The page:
Brodie Croyle: At that young age I really didn’t catch the whole concept until I got to be around nine, 10 or 11. Then I started to figure out who Bear Bryant was and figured out it was pretty cool that my Dad played for such a great coach and had a good relationship with him. But it was cool growing up with the John Hannahs and Johnny Mussos - the guys like that who were friends of my dad’s. I really had no clue who they were, especially Mr. Hannah. When I got into high school it really started to sink in all the people that I had grown up around.
WPI: You graduated early from Westbrook Christian High School in Rainbow City, Alabama - was it ever in doubt when you were in high school that you'd go to any other school but Alabama?
Croyle: Actually up until the night before I was set to go to Florida State. I was gung ho about going. I loved Mark Richt and I loved their offense. Alabama had just fired their coach and hired Dennis Franchioni, and I didn’t think it would be a good fit for me. Then we caught wind that Mark Rick might be taking a job elsewhere so I decided “let’s do it” and I committed to Alabama.
WPI: You once threw seven touchdowns in a single game. I know statistics really don’t mean much, but as a young kid when you were setting one state record after another did they did mean anything to you?
Croyle: I mean they were cool, but you know we lost the state championship twice. The year that I ended up breaking all the individual records we lost the championship game on a field goal. So you know it really took away from all of those accomplishments.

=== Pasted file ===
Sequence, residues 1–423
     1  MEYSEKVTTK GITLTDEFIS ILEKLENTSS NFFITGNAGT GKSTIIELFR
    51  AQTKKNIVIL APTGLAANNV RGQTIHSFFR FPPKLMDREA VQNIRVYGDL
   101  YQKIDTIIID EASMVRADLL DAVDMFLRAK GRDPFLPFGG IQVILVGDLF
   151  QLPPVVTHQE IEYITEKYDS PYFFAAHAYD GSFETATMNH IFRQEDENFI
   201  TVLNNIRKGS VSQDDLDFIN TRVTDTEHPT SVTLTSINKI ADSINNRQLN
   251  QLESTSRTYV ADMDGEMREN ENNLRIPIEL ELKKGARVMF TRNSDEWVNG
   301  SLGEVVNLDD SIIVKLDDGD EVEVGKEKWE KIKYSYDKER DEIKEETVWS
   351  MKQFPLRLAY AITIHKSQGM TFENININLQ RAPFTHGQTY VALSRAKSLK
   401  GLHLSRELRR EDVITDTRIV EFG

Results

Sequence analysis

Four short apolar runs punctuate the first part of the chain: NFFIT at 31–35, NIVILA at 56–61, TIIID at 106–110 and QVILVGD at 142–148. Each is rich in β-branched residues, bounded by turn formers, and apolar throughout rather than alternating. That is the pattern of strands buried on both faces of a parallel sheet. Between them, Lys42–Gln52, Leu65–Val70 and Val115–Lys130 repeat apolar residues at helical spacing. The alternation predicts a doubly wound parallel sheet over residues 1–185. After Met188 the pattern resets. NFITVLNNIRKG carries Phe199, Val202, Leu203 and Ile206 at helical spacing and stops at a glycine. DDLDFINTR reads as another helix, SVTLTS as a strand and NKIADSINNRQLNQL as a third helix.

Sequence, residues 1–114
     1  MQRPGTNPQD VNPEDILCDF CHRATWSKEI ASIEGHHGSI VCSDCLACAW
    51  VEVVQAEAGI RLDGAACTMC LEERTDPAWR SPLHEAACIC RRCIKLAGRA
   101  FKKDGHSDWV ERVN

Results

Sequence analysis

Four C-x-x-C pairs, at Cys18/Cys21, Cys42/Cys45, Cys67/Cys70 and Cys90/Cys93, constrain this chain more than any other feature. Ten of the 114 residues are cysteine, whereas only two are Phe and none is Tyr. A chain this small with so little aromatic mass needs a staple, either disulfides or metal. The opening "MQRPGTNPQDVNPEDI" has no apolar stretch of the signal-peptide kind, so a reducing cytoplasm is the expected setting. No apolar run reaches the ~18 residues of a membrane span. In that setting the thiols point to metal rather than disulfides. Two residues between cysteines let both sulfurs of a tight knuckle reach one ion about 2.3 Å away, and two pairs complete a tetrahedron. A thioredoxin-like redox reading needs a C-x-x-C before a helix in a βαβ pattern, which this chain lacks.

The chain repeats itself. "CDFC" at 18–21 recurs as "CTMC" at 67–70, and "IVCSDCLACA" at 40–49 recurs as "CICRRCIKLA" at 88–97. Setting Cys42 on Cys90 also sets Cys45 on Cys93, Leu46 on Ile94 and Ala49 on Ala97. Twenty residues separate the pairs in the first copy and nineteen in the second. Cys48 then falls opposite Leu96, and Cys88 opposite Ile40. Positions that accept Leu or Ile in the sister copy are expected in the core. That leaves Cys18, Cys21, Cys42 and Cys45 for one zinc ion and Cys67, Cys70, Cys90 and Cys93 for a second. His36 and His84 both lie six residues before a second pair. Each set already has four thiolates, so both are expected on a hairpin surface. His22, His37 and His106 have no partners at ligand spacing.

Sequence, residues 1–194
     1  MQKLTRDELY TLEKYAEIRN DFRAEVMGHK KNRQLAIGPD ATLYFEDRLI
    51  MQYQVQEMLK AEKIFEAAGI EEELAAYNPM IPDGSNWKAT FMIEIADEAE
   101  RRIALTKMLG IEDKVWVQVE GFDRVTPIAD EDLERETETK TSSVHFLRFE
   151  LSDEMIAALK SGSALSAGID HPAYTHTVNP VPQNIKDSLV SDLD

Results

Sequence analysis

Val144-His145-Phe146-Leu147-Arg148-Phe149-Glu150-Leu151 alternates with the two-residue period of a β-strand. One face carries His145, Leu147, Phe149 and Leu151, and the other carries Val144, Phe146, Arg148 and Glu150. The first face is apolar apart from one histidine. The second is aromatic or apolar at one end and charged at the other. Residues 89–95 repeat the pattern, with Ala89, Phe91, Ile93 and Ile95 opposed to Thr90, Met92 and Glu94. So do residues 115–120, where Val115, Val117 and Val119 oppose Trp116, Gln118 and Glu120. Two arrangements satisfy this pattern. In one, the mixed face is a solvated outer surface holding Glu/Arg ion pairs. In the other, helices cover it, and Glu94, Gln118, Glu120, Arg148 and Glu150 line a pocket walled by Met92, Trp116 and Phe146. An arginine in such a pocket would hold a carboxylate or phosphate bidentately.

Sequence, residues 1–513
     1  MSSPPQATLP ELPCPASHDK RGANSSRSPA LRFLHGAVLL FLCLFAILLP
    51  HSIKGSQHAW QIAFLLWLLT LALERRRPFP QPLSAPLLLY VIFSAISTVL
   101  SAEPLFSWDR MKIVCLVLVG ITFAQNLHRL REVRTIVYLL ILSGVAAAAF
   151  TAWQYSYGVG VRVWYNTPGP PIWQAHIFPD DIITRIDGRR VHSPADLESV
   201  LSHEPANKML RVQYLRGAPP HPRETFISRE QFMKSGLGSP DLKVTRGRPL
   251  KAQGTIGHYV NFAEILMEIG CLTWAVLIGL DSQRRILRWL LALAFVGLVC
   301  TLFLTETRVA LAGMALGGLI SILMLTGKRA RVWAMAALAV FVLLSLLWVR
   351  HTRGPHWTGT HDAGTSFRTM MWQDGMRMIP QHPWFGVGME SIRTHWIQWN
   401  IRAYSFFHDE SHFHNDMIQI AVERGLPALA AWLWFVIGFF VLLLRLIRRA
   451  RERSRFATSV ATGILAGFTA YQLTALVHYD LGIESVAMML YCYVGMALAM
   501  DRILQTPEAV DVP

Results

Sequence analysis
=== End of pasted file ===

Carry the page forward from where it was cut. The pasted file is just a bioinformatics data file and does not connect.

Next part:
WPI: At Alabama some credit was given to you and then head coach Mike Shula for resurrecting the football program that Dennis Franchioni left in a state of flux. You were one of Coach Shula’s top recruits. Being a home state kid that had to be a slight burden to you knowing the entire Alabama Nation was looking at both of you to resurrect a program that had been through some recent failures.
Croyle: You know, it was fun. When I came in there I had all the expectations. The fact I was the number one quarterback to come out of high school. Add the fact that my father played at Alabama and had a great career there and my sister was the homecoming queen, it was all tied together.
My freshman season was pretty good, we won 10 games, then the next two years we went through a lot of turmoil. That first year I separated my shoulder in the first game and played with it the entire season. Then my second year I tore my ACL, so my legacy was really hanging the last season to get us to becoming a top 10 team again. And I guess my legacy was riding in the balance on that last season. And we did become a Top 10 team and got to the Cotton Bowl. So that senior season was very fulfilling for me.
WPI: As you mentioned you had to overcome several injuries at Alabama, but still you broke every passing record in school history. You left Alabama with records for touchdowns, passing yards, completions and pass attempts. That's a pretty good feat considering some of the NFL’s greatest played at Alabama - like Bart Starr and Kenny Stabler - but one of them, and the man whose records you broke, was none other than Hall of Fame quarterback Joe Namath.